Our first stop for kolo mee is at Sin Poh Poh, highly recommended by a friendly local who sold me the Pong Pia at Song Kheng Hai Food Centre. So friendly he was that he actually told me to call him should i need more recommendations in my short few days’ stay! Kuchingnites, you raawwwwkk!

For our first few mouthfuls, this noodle didn’t wow us that much. We thought it was rather tasteless and bland. But as we continued slurping the noodle, we started falling in love with it. When i said ‘we’, i really mean we, all of us, including my in laws! If you were on the same table as us, you’ll definitely see the change of expression on our faces. Grin. From blahhhh look to yummmm look literally!

Methinks Kuching food is magical lahhh. Just like the Sarawak Laksa, the food just gets to you after a while!

The noodle, while it wasn’t the type of noodle i like — i fancy mine curly like maggi mee hair perm (or even curlier), not Korean Soft Wavy Perm :P  — was al dente, just the way i like it. What made this bowl of noodle a winner was the sauce concocted by the boss. Though a little weak in salt department (but we like!), i must say, i love it to bits! It is exactly that it wasn’t salty that both men on my table were able to eat 2 bowls of it. Otherwise, i don’t think they can stomach 2 servings!

If i were to replicate this at home, this gravy is exactly how i’d like mine done, fragrant but not salty. POWER!

Oh, just so you know, kolo mee is mostly sold in the morning as Kuchingnites’ breakfast. Come night time, there are hardly any stalls that sells it should you crave for kolo mee at night.


The good news is, the kolo mee stall at Sin Poh Poh serves ridiculous people like me, who eat kolo mee for dinner!

While you are at Sin Poh Poh ordering this bowl of delicious kolo mee, don’t forget to order their wanton in soup as well. The wanton was the best i’ve ever had since sometime ago. Methinks it was the skin used — Not the usual yellow wanton skin but it was white in colour, which you could literally slurrrrrrrrpp it up just like udon!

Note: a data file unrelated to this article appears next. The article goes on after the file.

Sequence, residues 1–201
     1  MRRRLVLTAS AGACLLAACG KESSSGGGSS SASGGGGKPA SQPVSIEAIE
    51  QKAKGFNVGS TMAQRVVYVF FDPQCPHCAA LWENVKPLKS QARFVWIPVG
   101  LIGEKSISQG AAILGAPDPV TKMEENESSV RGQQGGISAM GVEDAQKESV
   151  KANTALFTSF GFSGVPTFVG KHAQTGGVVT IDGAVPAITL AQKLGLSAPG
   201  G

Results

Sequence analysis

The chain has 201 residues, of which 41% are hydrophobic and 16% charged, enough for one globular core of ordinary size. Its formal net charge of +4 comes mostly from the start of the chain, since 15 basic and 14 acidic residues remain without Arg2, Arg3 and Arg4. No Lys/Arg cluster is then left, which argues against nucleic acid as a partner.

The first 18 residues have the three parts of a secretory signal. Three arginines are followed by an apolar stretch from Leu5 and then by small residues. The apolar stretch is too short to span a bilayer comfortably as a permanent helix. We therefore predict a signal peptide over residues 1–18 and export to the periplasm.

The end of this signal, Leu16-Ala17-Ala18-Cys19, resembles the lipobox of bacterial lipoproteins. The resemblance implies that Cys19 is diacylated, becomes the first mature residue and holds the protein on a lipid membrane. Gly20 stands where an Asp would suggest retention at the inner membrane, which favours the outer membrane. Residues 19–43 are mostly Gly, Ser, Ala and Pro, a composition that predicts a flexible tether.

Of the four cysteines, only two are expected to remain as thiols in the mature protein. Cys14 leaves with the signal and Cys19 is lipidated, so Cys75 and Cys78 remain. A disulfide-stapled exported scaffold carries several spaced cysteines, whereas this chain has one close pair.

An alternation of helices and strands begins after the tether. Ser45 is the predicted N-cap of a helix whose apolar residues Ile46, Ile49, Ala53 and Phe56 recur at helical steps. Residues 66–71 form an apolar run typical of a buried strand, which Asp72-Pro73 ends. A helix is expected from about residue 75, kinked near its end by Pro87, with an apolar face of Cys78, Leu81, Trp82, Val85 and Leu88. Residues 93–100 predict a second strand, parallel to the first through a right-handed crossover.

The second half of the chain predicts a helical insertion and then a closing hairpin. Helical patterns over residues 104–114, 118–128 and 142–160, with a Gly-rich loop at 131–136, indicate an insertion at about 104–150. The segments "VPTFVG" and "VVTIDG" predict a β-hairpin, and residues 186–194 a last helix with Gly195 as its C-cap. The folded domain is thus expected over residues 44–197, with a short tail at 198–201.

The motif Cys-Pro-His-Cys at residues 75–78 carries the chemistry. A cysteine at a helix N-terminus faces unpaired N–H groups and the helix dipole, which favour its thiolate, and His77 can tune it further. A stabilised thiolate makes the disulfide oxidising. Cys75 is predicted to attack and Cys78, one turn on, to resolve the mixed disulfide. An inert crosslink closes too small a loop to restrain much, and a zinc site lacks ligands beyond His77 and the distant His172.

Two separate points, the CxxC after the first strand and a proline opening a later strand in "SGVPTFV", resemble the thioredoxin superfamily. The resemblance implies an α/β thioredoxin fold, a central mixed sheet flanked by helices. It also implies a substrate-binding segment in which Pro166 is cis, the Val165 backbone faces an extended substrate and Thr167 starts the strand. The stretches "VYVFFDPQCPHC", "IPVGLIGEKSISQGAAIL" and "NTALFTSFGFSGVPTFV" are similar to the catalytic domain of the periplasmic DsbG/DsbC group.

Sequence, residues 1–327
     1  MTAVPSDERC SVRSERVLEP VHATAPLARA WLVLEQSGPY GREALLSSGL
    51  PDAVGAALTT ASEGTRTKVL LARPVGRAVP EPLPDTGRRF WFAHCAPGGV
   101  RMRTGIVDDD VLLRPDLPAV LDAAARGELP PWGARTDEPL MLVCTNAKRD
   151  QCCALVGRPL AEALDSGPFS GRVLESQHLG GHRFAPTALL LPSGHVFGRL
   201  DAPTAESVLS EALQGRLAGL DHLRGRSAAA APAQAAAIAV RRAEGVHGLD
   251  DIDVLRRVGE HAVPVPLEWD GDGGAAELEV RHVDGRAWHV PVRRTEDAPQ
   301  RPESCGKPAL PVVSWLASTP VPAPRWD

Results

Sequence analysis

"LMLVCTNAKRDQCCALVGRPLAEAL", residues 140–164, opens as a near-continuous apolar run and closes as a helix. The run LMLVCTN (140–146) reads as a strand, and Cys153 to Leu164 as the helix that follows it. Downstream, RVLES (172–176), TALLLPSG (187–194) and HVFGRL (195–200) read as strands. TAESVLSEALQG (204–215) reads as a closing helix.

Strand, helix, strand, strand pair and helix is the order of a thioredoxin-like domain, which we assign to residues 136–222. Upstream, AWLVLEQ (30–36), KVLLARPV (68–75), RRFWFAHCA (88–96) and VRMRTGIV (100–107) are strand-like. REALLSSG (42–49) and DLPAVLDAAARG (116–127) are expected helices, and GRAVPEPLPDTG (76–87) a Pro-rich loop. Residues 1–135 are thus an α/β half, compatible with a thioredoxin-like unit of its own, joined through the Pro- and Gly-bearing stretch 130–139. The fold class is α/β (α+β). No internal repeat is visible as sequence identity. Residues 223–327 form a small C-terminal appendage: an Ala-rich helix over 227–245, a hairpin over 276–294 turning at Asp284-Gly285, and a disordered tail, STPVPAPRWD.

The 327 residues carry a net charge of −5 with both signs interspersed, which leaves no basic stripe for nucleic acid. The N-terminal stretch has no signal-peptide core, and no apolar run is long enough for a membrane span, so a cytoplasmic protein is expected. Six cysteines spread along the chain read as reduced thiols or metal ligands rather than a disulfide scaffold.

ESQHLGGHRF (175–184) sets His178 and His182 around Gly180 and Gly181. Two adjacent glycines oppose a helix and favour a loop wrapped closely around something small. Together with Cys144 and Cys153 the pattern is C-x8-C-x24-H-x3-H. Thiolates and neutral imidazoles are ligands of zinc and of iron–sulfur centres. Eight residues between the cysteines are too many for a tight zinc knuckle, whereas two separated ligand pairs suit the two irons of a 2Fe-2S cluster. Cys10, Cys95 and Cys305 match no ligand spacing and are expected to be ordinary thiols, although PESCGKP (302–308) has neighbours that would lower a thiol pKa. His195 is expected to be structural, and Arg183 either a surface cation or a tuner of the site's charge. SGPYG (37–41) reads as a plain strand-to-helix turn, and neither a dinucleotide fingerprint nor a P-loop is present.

Sin Poh Poh Cafe

Jalan Ban Hock,
Kuching Sarawak.


We liked the kolo mee at Sin Poh Poh so much so that the family insisted on returning for dinner during our last night at Kuching. After much protest by me, we ended up at Open Air Market for seafood dinner when other attempts at various seafood restaurants failed.

However, most of us still wanted kolo mee rather badly the day after so the next best thing to do was to skip the hotel’s breakfast and head out to the nearest and best-est kolo mee before we check out at 9am.

From the piles of information i gathered during our short stay, i got to know that there was this awesome coffee shop just a stone throw away from our hotel!

The kolo mee found here was more robust in flavour but taste wise, i still prefer Sin Poh Poh’s. I detected more dashes of vinegar used which resulted the slightly tangy taste in the sauce. As you might have noticed, the owner here is a little bit more generous than Sin Poh Poh. Check out the toppings — 3 additional prawns! Heee. Well, it may not seem many to you, but for every bowl sold with 3 extra prawns, well.. you do the math. ;)

As for the noodle used, now we are talking. This, is exactly the noodle that i’ve been dreaming about. Springy and curly.. NICE!

Unfortunately, we totally forgot about the wanton. In Singapore or KL, wanton usually comes with wanton noodle but not in Sarawak. We only remembered about the dumplings as we were about to leave. Hmphh!

All in all, should i need a quick kolo mee fix when i’m in Kuching the next time (provided i stay in the same hotel again), Green Hill Corner it is for me!

Green Hill Corner

Jalan Green Hill,
Kuching Sarawak.


Other kolo mee places where you might wanna drop by :

  • KY Cafe, Jalan Sekama
  • Tech Huat, Open Air Market
  • Ah Ping Mee Stall, Siang Siang Food Court, Tabuan Jaya
  • Min Kuan, Carpenter Street
  • Sin Lian Shin, Green Road
  • Ah Pi Kolo Mee, 4th Mile Expert Food Court